29. Control group- group in which all conditions are kept the same (Standard used to compare with the outcome of a test) Experimental group-Test Group; receives the variable Experiment Factors

  30. Controlled Experiments:Only one conditions changes • Variable-The factor being tested in an experiment • Independent Variable-Condition in an experiment that is changed. The only variable that affects the outcome of the experiment. (temperature, nutrients, light, soil) • Dependent Variable-A condition that results from change. Depends on changes from independent variable. (height, color, etc)

  31. Presence of bacteria Soil nutrients Vitamins Play Wii Fit 30 m/d petri dish with growth medium Growth rate Plant height Cholesterol Levels Weight Growth on dish Independent Dependent

  32. Analyze Data Data collected from the experiment is analyzed. For your sore throat, a lab technician identifies the growth and records data in your chart.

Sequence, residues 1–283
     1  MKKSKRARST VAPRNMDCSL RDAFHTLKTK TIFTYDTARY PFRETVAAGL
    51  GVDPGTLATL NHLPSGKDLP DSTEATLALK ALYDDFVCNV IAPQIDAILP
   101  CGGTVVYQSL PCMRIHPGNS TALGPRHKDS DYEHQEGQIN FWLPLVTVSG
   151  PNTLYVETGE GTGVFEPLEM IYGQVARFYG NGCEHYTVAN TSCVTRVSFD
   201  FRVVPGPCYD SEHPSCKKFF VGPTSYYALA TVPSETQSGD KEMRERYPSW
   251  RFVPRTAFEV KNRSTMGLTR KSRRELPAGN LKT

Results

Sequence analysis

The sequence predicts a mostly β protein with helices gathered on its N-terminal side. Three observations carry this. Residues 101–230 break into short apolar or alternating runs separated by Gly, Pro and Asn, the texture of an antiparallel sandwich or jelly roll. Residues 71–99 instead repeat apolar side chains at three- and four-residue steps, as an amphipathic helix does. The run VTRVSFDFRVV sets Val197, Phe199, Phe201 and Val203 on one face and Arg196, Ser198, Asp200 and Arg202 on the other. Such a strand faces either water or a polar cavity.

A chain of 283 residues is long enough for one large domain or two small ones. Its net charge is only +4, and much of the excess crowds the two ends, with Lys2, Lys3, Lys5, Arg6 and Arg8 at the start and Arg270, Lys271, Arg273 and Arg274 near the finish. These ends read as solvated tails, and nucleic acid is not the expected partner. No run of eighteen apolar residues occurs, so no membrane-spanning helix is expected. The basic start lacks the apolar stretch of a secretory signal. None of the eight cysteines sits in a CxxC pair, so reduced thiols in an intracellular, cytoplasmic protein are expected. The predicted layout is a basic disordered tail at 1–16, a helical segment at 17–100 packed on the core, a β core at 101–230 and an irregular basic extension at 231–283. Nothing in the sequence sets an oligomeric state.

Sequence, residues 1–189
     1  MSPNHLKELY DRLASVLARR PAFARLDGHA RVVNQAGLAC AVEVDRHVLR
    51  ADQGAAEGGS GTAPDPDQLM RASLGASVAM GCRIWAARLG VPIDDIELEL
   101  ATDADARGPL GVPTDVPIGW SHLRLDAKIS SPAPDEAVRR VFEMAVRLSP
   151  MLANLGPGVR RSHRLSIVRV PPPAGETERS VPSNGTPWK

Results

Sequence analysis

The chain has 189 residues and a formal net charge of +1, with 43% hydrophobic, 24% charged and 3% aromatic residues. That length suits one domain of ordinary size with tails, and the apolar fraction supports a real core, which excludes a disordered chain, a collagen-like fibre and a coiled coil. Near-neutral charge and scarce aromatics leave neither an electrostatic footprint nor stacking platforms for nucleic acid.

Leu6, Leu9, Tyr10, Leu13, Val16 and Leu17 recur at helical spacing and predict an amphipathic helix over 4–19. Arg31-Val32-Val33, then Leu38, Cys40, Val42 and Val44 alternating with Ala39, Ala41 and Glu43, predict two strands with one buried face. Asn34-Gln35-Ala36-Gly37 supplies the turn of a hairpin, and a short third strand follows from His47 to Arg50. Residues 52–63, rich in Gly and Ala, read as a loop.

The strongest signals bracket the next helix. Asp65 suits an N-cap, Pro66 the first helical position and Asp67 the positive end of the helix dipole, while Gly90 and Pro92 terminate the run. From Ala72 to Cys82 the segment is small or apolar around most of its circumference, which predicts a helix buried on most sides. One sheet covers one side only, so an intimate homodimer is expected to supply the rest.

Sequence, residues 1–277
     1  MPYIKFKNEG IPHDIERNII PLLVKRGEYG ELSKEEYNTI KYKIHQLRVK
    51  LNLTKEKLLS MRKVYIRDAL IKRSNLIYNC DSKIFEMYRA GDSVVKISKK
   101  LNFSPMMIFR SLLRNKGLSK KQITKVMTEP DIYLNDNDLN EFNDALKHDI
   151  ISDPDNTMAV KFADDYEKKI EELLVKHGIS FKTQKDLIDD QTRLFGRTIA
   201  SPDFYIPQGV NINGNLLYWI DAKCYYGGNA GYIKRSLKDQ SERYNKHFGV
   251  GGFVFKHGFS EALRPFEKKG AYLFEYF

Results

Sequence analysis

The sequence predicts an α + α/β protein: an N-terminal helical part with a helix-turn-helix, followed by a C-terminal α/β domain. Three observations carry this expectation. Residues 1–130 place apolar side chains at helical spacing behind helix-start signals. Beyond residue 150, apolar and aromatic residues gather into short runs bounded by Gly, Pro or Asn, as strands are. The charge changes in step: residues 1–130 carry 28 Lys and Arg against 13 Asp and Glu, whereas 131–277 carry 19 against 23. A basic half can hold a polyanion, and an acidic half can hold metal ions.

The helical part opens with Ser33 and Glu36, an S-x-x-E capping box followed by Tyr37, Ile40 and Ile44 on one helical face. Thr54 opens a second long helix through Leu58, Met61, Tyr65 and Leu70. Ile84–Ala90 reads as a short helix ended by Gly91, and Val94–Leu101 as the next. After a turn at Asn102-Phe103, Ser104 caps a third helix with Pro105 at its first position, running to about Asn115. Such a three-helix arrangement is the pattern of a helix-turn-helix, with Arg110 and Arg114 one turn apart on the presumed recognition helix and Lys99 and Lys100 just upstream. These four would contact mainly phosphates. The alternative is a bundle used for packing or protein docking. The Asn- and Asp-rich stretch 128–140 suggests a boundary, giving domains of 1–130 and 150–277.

33. Draw Conclusion Data is used to draw conclusions. A conclusion is a logical answer to a question based on data and observations of the test material.

  34. Does your data support or reject your original hypothesis? If the data shows that your sore throat was caused by another kind of bacterium, you don’t have strep throat and the original hypothesis is rejected. The doctor must now revise the hypothesis to include a different cause of sore throat. If the hypothesis was supported a scientist will sometimes perform additional experiments and gather more data to strengthen their conclusion. If the experiment supports the hypothesis that you have strep throat, and the doctor feels the data is sufficient to be statistically valid they may skip further experimentation and proceed to reporting results.

  35. Reporting Results The last step in solving a problem scientifically is to do something with the results. This includes sharing data and suggesting remedies. Your doctor may prescribe an antibiotic to kill the bacteria.

  36. Chapter 1 Conducting experiments • No experiment is a failure • The results of every experiment can be used to revise the hypothesis or plan tests of a different variable.